#7
Gweger

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AGAIN..!!!!!  Mark is sharing information that would take an apprentice years to get.

This was a great read... loved knowing how to mix ... BUT !!!

I however don't feel that I am anywhere near the level it takes to be mixing pigments. I don't think I ever will be !!

With the quality, sterilization and price of the ink available now, I just don't see the need. 

So... I'm not paying for this one Mark.

#8
INKPITTAT2

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I was just curious thats all even though i have afew differant colors  of 40gram bags of pigment powder i actually do brew my own beer so i know all about sterilization.If you dont sterilize all your bottles and brewing equipment properly your beer may not ferment and work at all or it may still ferment but it wont be as good.I also purified water when brewing my beer it turns out heaps better than  using tap water.I bottle them in Budweiser bottles even though i'm an Aussie i used to love drinking my Vic Bitter [A great aussie beer] but i started drinking bud afew years back and have stuck to drinking it aswell as my homebrew.Anyway sorry i went abit off topic.

#9
Mario AKA mark

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I see making ink like making a home made pizza. You end up spending 120 bucks on ingredients for one little pizza.

#10
synner

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oooooooooooo VB  rocks..

hmmm  I wonder if there is a place on the net I can order some..

I used to date a girl from Oz..  (she lived just south of brisbane)  anyways she had me try VB once and it was soo damn good..

sadly we cant get it in the states that I am aware of..


as for the ink mixing.. SCREW ALL THAT..    thanks  for the info mark.. but I will just simply click on the colors I want and type in the ammount and WHAALLAAA  its at my door in 2-3 buisness days :D
No forgiveness for my sins, I preffer punishment

#11
ctumbles74

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But...the tradition should NEVER be lost.
"May the best of your past, be the worst of your future."

#12
J.D.Irons

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I've never noticed this thread before.. and I can't really say that I condone putting this info out there. Some trade secrets should remain that. BUT.. since its already out there.. I'll address a few things I saw that I don't get.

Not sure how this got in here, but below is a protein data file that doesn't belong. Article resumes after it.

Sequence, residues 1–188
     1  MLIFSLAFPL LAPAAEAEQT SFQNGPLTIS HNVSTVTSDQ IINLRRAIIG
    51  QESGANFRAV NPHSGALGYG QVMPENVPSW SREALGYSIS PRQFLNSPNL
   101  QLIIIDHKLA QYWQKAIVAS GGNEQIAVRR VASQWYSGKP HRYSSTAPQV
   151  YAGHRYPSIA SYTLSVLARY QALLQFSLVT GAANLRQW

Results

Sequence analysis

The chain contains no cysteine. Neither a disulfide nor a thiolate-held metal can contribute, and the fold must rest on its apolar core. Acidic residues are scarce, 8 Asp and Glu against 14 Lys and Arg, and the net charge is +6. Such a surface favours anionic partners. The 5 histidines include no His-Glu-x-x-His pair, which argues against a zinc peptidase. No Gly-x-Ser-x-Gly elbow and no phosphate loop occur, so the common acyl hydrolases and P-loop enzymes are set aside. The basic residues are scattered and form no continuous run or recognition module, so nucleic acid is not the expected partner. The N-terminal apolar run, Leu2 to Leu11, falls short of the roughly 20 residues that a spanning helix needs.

1. You don't boil pigments.. I know some old school cats used to boil down blacks to make them richer.. that was for that reason alone, and had nothing to do with infection.
2. Switching out Vodka for Witch hazel is a bad idea. Vodka is used because it is a sterile carrier that is safe to put into the body, and is used in conjunction with witch hazel to make a safe, bacteria free suspension. Witch hazel alone is not enough to stop bacterial growth.

#13
Waverlycolor

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J.D. Irons is absolutely correct.

#14
adm

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I agree with J.D. as well. I make my own pigments based on a formula that was handed down to me by my mentor. I'll never give it to anyone freely. And I use vodka too

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#15
mark101

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View PostJ.D.Irons, on 28 October 2014 - 06:09 AM, said:

I've never noticed this thread before.. and I can't really say that I condone putting this info out there. Some trade secrets should remain that. BUT.. since its already out there.. I'll address a few things I saw that I don't get.

1. You don't boil pigments.. I know some old school cats used to boil down blacks to make them richer.. that was for that reason alone, and had nothing to do with infection.



ahhhhhhhhh the old porringer lol

#16
SlickSquid

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Looks like im going to buy some small stock in Belvedere and Grey Goose! Posted Image
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http://forum.ink-tra...ng-sketch-book/

#17
adm

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smirnoff

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#18
SlickSquid

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View Postadm, on 31 October 2014 - 07:06 PM, said:

smirnoff

Yeech...Smirnoff tastes like Robutusin!! But I'm picking up what your putting down bruh!